The Hoback Jct – Jackson Snake River South Section project, was a three-year highway reconstruction project, built at the height of the COVID 19 pandemic. It remains one of the largest individual highway projects awarded by the Wyoming Department of Transportation.
The project was characterized by highly technical and extensive heavy-civil work beginning with removal and replacement of the existing 625-foot span, two lane, highway bridge, 50 feet above the flowing Snake River. Additional project technical work included constructing post tensioned concrete and gabion retaining walls, soil nail walls, public walking/biking paths, wildlife crossings, mass excavation, full depth reclamation, installation of RCP, CMP stormwater pipe culverts, extensive erosion control measures, and a multitude of associated miscellaneous tasks.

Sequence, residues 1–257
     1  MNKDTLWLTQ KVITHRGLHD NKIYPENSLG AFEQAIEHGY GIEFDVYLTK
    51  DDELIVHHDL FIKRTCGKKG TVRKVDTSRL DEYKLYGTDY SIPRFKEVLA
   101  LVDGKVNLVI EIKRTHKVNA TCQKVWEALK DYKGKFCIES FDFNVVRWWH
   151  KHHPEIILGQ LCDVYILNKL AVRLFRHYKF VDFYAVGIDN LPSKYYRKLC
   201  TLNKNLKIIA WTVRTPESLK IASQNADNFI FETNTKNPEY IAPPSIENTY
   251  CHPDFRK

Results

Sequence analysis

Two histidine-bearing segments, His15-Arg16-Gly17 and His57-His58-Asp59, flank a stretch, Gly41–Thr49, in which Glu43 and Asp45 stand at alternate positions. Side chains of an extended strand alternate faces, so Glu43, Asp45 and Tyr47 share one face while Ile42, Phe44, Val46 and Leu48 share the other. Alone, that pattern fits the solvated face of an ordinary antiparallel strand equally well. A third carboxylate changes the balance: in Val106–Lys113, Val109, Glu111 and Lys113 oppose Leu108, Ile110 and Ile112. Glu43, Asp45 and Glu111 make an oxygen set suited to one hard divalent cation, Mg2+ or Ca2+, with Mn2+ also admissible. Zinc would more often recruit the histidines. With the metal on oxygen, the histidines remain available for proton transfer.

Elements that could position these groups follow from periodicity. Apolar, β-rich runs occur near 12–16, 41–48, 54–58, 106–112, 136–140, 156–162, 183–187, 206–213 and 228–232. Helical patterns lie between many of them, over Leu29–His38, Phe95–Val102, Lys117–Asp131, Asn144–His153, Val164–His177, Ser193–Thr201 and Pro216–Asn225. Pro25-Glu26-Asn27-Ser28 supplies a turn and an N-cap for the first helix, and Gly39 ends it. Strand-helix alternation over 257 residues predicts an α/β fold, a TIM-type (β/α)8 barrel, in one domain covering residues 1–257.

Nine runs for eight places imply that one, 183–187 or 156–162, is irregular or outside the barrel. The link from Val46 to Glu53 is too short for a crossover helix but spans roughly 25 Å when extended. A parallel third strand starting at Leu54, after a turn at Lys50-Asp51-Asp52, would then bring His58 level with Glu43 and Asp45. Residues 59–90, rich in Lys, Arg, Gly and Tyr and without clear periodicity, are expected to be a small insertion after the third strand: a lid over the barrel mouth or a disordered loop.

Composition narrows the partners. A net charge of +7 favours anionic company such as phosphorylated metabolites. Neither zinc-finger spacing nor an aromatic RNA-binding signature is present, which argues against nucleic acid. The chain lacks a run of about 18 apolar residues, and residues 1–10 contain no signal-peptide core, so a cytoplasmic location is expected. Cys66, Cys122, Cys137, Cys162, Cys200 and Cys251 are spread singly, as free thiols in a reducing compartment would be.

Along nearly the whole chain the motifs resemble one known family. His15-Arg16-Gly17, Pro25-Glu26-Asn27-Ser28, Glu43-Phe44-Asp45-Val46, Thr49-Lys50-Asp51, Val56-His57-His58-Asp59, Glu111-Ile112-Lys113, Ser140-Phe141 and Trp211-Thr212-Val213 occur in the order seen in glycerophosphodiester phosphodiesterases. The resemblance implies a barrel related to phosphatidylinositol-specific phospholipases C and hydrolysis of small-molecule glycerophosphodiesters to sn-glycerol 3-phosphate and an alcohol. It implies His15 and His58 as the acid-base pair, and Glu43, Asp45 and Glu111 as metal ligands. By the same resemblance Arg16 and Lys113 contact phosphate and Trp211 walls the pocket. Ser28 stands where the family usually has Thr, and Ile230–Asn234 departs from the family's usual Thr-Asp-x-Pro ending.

Bridge construction was especially challenging due to the project’s proximity to the Snake River. Employees and subcontractors were constantly working in or near flowing water while constructing crane pads, excavating spread footings for bridge bents and preparing all required areas for constructing bridge foundation, substructure and superstructure. Steep slopes increased the degree of difficulty when constructing bridge abutments and when constructing haul/access roads for cranes and other heavy equipment from the existing road grade down steep Snake River banks.
Additionally challenging was the construction of the Bear River slide. This highly technical slide mitigation design required difficult excavation in weathered to very weathered shale. A minimum 75 feet of excavation was necessary to begin slide mitigation efforts. Multiple structures and engineered features such as underdrains, drilled shaft foundations, reinforced steel, mechanically stabilized earth (MSE) retaining walls, soil nail walls, combined to stabilize this volatile section of highway.